Study: “Bagpipe lung” can be deadly for players of wind instruments

Posted on: August 24, 2016

“By the time the man arrived at the lung disease clinic in Manchester, England, it was almost too late,” writes Michael Miller in Tuesday’s (8/23) Washington Post. “It was April 2014 and the 61-year-old had spent the past seven years finding it harder and harder to breathe…. He could now barely walk 20 meters…. Doctors were stumped…. The man died on Oct. 10, 2014. An autopsy didn’t explain much…. Now … doctors say they have solved the medical mystery. In a report published Monday in the medical journal Thorax … researchers coined a new term for the man’s condition. ‘Bagpipe lung.’ … Doctors initially [had] overlooked his daily hobby: playing the bagpipes. Tests conducted on the man’s bagpipes found a slew of fungi and yeast living inside the musical instrument…. There was pink yeast on the instrument’s mouthpiece as well as fungi on the neck, chanter, chanter reed, chanter reed protector, bass drome and tenor drome, researchers found…. Every time he played his instrument, he was inhaling a mixture of mold that caused his illness…. The study noted similar illnesses befalling saxophone and trombone players…. ‘This case highlights the importance of a careful clinical history including hobbies,’ researchers wrote…. Wind instrument players, meanwhile, need to regularly clean their instruments.”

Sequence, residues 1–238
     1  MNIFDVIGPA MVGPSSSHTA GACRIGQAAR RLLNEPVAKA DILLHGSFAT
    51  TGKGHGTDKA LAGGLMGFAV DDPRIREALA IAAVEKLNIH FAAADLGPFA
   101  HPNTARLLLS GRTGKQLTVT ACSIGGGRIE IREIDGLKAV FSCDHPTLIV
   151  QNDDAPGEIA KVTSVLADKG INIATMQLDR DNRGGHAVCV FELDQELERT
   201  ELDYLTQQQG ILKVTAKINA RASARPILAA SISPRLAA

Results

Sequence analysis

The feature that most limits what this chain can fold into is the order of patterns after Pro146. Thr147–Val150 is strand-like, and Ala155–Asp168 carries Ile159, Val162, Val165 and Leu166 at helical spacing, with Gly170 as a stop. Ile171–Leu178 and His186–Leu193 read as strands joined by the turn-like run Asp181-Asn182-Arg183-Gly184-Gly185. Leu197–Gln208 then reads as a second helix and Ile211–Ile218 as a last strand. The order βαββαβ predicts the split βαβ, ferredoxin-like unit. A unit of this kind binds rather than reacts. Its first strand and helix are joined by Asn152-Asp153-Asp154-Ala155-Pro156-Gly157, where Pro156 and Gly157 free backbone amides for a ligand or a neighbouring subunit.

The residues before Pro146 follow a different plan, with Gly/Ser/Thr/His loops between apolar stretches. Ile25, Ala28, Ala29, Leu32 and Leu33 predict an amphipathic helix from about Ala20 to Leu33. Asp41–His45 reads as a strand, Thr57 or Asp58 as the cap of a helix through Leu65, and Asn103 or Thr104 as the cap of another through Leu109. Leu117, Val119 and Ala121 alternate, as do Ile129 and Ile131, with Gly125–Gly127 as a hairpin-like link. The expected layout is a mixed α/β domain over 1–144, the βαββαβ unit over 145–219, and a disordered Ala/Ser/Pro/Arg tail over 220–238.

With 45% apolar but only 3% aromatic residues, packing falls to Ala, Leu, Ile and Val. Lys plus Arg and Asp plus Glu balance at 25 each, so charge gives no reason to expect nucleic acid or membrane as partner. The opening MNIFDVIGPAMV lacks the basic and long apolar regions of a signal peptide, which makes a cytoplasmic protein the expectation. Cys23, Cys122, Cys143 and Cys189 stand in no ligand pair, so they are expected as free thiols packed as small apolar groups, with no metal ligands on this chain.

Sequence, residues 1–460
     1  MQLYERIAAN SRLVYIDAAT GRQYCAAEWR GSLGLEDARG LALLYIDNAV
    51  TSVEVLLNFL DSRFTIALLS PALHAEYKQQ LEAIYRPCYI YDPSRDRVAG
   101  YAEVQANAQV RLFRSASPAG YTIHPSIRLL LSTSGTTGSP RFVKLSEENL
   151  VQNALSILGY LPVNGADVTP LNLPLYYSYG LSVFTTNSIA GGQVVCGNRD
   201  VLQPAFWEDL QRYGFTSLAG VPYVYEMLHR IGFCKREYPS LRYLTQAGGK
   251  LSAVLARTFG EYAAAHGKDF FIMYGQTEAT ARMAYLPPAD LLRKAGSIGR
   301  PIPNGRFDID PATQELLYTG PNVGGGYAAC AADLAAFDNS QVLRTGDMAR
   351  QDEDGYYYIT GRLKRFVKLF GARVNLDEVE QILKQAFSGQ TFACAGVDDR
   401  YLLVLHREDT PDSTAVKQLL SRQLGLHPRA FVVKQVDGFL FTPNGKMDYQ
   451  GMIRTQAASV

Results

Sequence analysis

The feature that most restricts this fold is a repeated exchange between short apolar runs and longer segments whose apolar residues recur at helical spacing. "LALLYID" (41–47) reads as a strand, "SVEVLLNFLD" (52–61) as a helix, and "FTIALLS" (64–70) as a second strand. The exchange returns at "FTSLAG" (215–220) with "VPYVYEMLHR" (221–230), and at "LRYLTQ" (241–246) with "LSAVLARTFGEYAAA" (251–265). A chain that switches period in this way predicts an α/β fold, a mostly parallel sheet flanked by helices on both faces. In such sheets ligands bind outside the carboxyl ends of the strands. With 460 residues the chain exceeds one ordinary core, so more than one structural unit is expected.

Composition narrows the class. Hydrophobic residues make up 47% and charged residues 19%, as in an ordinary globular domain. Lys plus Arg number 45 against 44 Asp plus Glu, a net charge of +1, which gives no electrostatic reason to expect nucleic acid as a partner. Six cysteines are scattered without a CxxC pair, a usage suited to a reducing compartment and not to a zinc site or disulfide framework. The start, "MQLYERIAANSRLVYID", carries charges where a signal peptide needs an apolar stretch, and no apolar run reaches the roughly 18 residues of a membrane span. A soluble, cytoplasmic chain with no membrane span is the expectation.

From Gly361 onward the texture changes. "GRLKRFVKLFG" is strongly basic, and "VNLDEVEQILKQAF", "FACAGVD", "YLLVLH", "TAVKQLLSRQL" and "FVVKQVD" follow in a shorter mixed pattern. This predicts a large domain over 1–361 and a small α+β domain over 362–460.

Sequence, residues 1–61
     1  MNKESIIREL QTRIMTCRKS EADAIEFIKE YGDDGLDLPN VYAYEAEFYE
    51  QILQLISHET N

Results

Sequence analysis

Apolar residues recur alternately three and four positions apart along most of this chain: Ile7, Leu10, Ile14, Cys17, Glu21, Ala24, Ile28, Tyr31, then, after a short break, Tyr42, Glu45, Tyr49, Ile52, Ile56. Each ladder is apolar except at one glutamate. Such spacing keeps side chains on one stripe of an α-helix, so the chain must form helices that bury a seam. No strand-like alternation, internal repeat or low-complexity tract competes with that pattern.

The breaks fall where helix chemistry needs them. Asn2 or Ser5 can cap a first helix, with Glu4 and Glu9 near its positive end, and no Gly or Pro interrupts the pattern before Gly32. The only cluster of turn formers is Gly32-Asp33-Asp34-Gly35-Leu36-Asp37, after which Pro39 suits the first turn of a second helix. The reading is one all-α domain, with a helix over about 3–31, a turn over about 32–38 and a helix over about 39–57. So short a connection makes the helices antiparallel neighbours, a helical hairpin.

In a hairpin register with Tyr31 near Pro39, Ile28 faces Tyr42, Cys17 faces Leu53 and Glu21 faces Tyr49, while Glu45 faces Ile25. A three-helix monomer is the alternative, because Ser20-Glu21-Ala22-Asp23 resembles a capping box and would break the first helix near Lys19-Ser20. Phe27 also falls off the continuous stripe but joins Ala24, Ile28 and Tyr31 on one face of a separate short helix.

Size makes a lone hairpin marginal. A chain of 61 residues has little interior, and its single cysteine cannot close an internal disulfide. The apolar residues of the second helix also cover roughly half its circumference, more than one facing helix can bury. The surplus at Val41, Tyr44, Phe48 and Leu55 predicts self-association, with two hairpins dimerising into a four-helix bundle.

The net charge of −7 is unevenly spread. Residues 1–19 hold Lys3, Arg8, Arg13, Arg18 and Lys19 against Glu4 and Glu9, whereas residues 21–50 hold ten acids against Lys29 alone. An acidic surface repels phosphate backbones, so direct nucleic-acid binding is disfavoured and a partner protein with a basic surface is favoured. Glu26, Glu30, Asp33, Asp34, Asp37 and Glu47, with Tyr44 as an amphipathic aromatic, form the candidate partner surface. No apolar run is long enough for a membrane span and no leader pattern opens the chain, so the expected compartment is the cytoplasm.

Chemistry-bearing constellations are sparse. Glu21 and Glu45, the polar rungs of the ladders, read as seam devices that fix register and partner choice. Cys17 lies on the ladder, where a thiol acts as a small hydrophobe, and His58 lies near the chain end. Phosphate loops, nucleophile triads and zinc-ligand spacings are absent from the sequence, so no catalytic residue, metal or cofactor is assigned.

Posted August 24, 2016